Are hemangiomas harmless?In most cases they are not pretty to look at but harmless. The hemangiomas that you do not see can be dangerous. Some do not grow on the skin but on the body, blocking vital organs or obstructing breathing, sight, hearing or even food intake. This also applies to sponges that grow very close to the eye or ears. These sponges should be removed as soon as possible.
The following signs may indicate an internal hemangioma:
- a yellowish skin color that indicates jaundice
- blood in the stool
- Strong breath sounds (whistling or hissing, barking cough) and difficulty breathing
Also, see a doctor if the tumor grows very fast and / or changes shape.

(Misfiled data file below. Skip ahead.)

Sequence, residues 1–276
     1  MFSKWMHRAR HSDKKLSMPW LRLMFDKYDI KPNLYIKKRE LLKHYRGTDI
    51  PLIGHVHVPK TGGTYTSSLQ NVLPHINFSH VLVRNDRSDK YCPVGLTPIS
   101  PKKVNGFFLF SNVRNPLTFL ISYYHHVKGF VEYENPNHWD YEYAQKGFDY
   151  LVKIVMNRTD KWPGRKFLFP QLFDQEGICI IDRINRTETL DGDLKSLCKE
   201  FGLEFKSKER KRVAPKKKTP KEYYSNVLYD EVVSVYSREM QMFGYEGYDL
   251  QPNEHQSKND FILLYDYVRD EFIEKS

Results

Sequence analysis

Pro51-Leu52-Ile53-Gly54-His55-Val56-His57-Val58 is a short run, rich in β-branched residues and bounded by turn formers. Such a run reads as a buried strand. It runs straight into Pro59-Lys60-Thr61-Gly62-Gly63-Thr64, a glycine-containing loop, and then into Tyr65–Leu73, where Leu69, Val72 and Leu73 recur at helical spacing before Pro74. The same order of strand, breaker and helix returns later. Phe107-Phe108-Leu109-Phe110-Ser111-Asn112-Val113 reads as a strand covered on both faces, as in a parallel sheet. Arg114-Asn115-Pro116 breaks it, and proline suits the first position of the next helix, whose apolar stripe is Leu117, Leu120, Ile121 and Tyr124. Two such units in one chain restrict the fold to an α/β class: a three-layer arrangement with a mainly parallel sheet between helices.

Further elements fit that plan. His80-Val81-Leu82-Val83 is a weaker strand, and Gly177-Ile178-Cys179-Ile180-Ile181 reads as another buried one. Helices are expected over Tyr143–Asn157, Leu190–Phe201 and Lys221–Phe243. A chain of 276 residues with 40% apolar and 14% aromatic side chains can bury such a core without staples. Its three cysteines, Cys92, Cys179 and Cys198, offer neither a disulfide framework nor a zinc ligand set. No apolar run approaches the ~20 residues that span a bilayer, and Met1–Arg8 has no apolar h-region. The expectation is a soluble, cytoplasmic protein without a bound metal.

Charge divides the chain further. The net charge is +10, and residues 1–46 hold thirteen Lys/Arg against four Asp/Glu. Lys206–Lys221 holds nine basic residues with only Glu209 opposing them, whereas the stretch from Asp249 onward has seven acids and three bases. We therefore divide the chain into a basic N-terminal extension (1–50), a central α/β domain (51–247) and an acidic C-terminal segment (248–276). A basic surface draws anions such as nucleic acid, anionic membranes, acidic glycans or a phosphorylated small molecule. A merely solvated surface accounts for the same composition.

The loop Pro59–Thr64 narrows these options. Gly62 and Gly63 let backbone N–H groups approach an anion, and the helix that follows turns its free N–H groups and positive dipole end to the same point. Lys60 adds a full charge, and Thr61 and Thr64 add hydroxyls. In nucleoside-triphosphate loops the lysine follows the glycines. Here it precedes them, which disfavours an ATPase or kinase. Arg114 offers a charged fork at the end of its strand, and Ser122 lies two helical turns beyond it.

However, the majority of sponges are safe, do not heal or cause discomfort. Sometimes they are sensitive to pressure or may catch fire. But they are disturbing especially from an aesthetic point of view.
How can you treat it?To treat, an accurate diagnosis should first be made. By ultrasound or rarely a computed tomography, the exact size and depth of the hemangioma can be determined. The perfusion is measured with a vascular Doppler.
It is often simply waited to see if blood sponges that are not life-threatening regress themselves. If this happens in the first year of life, treatment is usually unnecessary, although the risk of scarring remains. But the treatment methods often have negative consequences, so parents should consider whether they should remove the sponge for cosmetic reasons or not. Treatment may be useful if the hemangioma disfigures the face, does not regress, and your child may be teased by others, but that will not be the case in the first two years of life.